My basic question is if it is better to use a try/catch block or an isEmpty check when returning the first element in a list. For example:

return myList.isEmpty() ? null : myList[0];

// OR

try { return myList[0]; }
catch (ListException e) { return null; }

I wrote a utility class to find out the current actor/approver for any given record. It's not currently a singleton or based on lazy-load.

public class CurrentApproverUtil
    public static Id findApproverId(Id targetObjId)
        Id actorId;
        for(ProcessInstance pi : [SELECT id, (SELECT ActorId,IsPending FROM StepsAndWorkitems where isPending = true limit 1) step FROM ProcessInstance
                                  where ProcessInstance.TargetObjectId = :targetObjId])
                actorId = pi.StepsAndWorkitems[0].ActorId;
            catch(ListException le)
                //Not calling ExceptionLogging because this method is getting called in a Constructor
        return actorId;

When a record has not entered an approval process the expression pi.StepsAndWorkitems[0] returns NULL and List.Exception is encountered. I handled the exception and I return the NULL. Is it advisable to return null this way instead of using IF,ELSE blocks.

The problem I'm facing is that the object StepsAndWorkItemsis not completely exposed to API.

  • I don't quite understand your code and question here. So you are looping through the ProcessInstance list but only get the value from the last element? – Lance Shi Dec 20 '16 at 7:00
  • @LanceShi I'm looping through ProcessInstance list but I want the element where the approval is pending. That's why the Nested query has a where clause - SELECT ActorId,IsPending FROM StepsAndWorkitems where isPending = true limit 1 – Jarvis Dec 20 '16 at 7:37
  • @LanceShi I'm relying on Try Catch block to return NULL value when no records found. The question is that is it reliable. – Jarvis Dec 20 '16 at 8:07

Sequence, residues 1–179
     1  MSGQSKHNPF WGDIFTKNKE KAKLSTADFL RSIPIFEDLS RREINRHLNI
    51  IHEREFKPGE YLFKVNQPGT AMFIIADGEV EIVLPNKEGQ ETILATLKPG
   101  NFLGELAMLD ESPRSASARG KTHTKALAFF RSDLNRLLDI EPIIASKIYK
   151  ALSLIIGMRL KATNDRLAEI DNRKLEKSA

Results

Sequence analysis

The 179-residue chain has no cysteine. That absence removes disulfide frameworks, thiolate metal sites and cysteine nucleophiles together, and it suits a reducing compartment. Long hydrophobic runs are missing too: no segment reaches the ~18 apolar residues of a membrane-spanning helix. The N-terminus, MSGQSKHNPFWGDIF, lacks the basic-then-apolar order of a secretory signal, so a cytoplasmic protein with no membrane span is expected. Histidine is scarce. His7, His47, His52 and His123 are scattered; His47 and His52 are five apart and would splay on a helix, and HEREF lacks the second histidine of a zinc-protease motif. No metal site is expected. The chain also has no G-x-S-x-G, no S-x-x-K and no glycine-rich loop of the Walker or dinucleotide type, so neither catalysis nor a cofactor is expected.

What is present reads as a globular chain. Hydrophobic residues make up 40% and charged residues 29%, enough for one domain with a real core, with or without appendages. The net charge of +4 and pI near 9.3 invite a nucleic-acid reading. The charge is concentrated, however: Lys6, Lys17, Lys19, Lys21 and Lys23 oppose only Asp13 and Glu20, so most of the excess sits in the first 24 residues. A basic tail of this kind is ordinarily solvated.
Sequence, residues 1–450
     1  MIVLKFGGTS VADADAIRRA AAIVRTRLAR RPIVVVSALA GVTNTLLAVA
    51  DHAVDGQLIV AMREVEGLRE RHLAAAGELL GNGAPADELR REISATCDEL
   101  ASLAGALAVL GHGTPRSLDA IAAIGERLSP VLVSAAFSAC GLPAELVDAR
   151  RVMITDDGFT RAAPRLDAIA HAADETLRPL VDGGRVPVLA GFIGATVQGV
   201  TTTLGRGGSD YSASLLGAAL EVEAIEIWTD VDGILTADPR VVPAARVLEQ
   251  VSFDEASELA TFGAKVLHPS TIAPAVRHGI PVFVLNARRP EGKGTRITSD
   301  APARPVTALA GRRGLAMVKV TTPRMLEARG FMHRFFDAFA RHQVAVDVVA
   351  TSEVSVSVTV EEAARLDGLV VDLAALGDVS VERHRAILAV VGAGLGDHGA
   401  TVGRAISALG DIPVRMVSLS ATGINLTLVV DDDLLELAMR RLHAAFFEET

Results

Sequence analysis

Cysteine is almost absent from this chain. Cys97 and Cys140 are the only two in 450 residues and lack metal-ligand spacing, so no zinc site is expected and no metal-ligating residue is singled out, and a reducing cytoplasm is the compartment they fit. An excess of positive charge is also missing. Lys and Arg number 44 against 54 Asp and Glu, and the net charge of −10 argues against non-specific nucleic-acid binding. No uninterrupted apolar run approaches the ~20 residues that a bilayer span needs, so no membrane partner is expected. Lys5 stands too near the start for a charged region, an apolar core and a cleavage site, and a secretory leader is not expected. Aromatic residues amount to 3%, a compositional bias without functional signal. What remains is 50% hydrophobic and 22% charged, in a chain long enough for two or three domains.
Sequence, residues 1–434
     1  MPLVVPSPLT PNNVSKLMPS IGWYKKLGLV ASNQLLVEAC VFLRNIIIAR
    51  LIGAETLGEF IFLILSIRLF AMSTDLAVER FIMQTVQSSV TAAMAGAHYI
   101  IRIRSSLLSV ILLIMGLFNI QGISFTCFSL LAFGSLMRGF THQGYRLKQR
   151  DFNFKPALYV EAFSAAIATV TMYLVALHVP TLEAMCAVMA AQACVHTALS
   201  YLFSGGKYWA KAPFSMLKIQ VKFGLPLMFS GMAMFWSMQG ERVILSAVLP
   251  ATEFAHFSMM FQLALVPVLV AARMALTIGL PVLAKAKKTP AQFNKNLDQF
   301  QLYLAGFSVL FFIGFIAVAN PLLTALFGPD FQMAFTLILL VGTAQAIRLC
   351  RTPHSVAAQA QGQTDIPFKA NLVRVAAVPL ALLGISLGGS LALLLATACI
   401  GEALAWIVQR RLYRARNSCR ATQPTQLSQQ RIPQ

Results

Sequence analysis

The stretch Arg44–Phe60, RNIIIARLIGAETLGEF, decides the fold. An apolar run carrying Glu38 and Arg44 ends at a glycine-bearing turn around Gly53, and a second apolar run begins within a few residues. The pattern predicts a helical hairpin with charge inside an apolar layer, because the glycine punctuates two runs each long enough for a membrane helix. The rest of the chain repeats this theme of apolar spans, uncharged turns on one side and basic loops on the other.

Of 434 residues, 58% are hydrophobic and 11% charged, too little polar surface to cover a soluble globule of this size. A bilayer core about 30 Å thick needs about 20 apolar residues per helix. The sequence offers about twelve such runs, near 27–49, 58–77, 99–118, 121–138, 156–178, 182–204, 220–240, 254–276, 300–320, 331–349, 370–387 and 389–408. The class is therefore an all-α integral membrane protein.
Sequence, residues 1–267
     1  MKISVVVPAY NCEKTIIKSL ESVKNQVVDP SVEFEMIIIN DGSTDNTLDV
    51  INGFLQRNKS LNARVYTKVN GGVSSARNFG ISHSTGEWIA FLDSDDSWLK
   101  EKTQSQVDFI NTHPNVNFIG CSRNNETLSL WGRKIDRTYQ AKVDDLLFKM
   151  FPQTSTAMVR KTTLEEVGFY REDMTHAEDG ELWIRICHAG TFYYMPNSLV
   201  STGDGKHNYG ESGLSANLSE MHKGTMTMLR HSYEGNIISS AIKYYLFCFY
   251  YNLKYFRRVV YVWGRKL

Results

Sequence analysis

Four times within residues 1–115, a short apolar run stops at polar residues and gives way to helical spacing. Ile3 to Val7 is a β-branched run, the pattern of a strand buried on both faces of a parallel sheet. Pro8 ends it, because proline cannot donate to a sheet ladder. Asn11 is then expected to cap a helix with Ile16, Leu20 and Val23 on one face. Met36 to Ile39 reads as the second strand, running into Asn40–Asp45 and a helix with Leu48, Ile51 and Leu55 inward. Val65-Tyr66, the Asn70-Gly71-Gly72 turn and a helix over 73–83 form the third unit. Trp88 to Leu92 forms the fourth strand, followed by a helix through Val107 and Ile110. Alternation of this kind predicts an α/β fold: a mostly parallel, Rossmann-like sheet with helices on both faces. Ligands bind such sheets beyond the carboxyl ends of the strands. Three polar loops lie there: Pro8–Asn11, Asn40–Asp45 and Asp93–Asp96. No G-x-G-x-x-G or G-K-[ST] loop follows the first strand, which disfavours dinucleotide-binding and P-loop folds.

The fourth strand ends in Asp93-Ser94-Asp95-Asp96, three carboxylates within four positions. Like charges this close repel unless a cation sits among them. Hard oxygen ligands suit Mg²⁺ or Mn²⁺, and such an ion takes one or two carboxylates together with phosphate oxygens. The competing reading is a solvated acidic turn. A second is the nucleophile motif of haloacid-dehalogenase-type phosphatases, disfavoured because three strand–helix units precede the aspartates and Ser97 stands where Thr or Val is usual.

• Hey Bennie, I edited your question to bring the more widely applicable problem to the forefront. Obviously, feel free to roll back or further edit if you disagree. – Adrian Larson Dec 20 '16 at 16:38
  • 1
    my selector method for this use case is: return [select id, ProcessDefinitionId, SubmittedById, TargetObjectId, ProcessDefinition.Name, ProcessDefinition.Description, SubmittedBy.Name, SubmittedBy.Email, (select ActorId, Actor.Name, CreatedDate, ElapsedTimeInDays, IsPending, StepStatus // StepStatus is Pending when step is pending; but let caller filter for this if required from StepsAndWorkItems) from ProcessInstance where Status = :STATUS_PENDING ]; } – cropredy Dec 21 '16 at 2:27

The main problem with your current try/catch is that an empty catch block is a major anti-pattern. It's not a habit you want to pick up.

In terms of reliability, the behavior of this pattern will be consistent. When you have work items, the first one will be returned. When you have none, null will be returned instead.

In terms of performance, the try/catch strategy is 5.5x - 7.5x slower when the list is empty, but about a third faster when the list is populated. So the exception approach is only faster if you expect a populated list ~ 90% of the time.

I profiled the performance with 20 trials each (1000 iterations), comparing isEmpty vs. catch when the list is empty and when it has an element. I calculate an equilibrium point where the list is empty 11.4% of the time.

Strategy      Empty    Not Empty    Equilibrium
isEmpty     17.90ms      27.90ms         11.36%
catch       98.65ms      17.55ms